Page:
So for the second year in a row, an Eastern bluebird has decided to build her nest on top of the bird house at my parent's residence. That's right, on top! The bird house is attached to a pole under the metal awning that covers their basement door, and evidently it is just too cramped inside. So what does she decide to do? The next best thing...just build it on the roof. Honestly she is too big to go inside anyway, but since it is 7-feet off the ground and inaccessible to cats, she's pretty safe there. The problem is she is easily frightened. If you get within 20-feet of the nest, she flies away. I tried to wait her out and get a picture of her sitting on the nest, but she didn't come back, so I put the camera over the nest and snapped a picture of three eggs in the nest. As you can see, she has three beautiful eggs that she's tending. My dad says that she always comes back when the coast is clear. I'm going to keep a check to see when the babies hatch and maybe get a picture of them too.
And now the bees. Today was a nice, sunny, balmy 90-degrees with the humidity at over 60%! Yeah, we've gone from a hard winter to early summer, back to spring, and now back to summer..and its just the beginning of May. When I got home from dinner, I noticed a dark blob on the front of my hive, and when I checked it out, I found the ladies were having a front porch social. They were fanning so much that I could hear them while standing away from the hive -- it sounded like a fan running on low speed. While some might think this sight is unusual, actually it is the bee's way of keeping the hive cool since some of the bees come outside and avoid the congestion inside. This hive has a screened bottom board to aid in air circulation and pest management, and the inner cover has an air notch too. I have a feeling that I'll see lots of this throughout the next few months since I have a feeling it will be a long, hot summer.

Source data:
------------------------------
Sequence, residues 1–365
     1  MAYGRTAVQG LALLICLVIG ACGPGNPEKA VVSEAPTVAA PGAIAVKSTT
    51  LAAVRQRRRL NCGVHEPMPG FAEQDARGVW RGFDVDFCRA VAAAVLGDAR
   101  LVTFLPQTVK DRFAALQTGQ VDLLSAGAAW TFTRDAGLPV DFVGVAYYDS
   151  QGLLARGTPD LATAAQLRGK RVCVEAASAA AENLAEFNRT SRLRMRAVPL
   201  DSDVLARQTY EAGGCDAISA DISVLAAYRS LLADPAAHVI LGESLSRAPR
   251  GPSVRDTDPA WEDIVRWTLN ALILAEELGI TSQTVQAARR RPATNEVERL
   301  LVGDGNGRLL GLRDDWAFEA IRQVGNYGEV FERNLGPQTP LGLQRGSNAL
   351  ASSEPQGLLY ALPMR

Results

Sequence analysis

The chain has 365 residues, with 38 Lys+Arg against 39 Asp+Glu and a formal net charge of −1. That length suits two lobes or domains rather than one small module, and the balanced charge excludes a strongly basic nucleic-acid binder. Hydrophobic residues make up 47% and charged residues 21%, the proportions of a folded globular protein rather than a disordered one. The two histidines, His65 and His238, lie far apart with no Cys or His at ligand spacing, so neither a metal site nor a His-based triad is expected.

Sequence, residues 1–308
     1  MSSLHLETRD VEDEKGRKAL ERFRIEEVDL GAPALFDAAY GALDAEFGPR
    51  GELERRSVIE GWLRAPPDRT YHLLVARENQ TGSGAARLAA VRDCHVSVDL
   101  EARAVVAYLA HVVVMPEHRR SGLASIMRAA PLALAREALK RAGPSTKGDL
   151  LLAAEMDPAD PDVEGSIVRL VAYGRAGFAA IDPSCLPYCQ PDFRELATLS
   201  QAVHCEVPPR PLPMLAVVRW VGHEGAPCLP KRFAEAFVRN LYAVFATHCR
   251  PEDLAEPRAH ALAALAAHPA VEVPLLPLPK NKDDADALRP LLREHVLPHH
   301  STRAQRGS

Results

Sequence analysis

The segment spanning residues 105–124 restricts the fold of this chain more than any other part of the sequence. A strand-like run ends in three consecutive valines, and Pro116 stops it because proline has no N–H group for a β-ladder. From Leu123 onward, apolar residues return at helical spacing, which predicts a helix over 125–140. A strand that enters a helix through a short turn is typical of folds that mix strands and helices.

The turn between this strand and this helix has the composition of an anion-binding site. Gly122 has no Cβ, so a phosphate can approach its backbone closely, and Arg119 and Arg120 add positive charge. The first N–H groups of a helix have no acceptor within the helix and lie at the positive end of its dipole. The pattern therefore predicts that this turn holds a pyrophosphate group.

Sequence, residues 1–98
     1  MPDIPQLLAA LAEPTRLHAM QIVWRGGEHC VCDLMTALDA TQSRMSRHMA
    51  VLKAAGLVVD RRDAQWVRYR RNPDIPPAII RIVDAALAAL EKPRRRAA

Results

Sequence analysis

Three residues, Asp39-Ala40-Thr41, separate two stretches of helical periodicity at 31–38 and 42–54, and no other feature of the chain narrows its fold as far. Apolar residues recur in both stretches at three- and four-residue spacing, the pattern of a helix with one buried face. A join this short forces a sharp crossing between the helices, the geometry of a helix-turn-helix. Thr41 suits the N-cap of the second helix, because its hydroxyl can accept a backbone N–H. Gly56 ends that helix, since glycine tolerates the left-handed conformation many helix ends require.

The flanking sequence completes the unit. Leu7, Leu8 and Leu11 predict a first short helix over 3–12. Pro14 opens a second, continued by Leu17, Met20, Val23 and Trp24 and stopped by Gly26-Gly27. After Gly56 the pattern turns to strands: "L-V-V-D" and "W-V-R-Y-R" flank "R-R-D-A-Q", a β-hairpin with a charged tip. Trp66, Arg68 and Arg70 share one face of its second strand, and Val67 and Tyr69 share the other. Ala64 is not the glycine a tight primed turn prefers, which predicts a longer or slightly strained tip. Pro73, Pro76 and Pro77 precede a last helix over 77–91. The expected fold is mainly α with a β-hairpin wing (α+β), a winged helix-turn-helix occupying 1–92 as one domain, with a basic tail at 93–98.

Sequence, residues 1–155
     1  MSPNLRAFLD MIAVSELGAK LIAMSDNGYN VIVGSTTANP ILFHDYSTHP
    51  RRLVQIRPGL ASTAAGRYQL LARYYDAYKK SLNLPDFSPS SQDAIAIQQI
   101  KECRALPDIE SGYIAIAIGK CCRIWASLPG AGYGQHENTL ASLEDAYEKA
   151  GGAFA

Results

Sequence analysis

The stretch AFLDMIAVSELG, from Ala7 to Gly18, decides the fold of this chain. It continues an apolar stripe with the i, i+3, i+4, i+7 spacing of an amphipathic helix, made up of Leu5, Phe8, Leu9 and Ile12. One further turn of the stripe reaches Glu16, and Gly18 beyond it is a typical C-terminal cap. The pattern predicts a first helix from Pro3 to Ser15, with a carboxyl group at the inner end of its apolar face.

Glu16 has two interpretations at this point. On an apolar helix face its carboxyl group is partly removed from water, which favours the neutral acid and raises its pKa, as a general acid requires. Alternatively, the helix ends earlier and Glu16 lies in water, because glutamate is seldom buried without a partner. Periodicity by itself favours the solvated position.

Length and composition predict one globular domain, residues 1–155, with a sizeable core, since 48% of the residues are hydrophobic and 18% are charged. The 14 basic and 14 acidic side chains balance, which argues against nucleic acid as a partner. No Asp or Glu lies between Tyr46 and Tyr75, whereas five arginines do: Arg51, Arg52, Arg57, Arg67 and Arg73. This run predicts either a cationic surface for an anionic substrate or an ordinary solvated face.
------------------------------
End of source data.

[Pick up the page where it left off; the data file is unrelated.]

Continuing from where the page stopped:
In other news, the Busy Bee Apiary told me that their new queens won't be ready for pick-up for another couple of weeks. Meanwhile, I plan to break this hive down and look for queen cells, and if I find some, I plan to go ahead and split it. If I don't find any queen cells, I plan to put a queen excluder between the boxes in about a week -- that way I can corral the reigning queen and not move her in the transfer of frames to the new hive. That tip was given to me by beekeeping guru, Richard Underhill of the Peace Bee Farm. Then all I'll have to do is transfer the frames, wait for 24 hours so the new hive will realize its queenless, then I'll introduce the new queen in her cage. That method should make it easier for the new packaged queen to be accepted. I just hope I don't goof it up and do something wrong. I've practiced it over and over again in my head. Now if all will go according to plan, everything will be fine!
I'll update everyone when I do my inspection to let you know what's shaking.
Until next time everyone, BEE happy!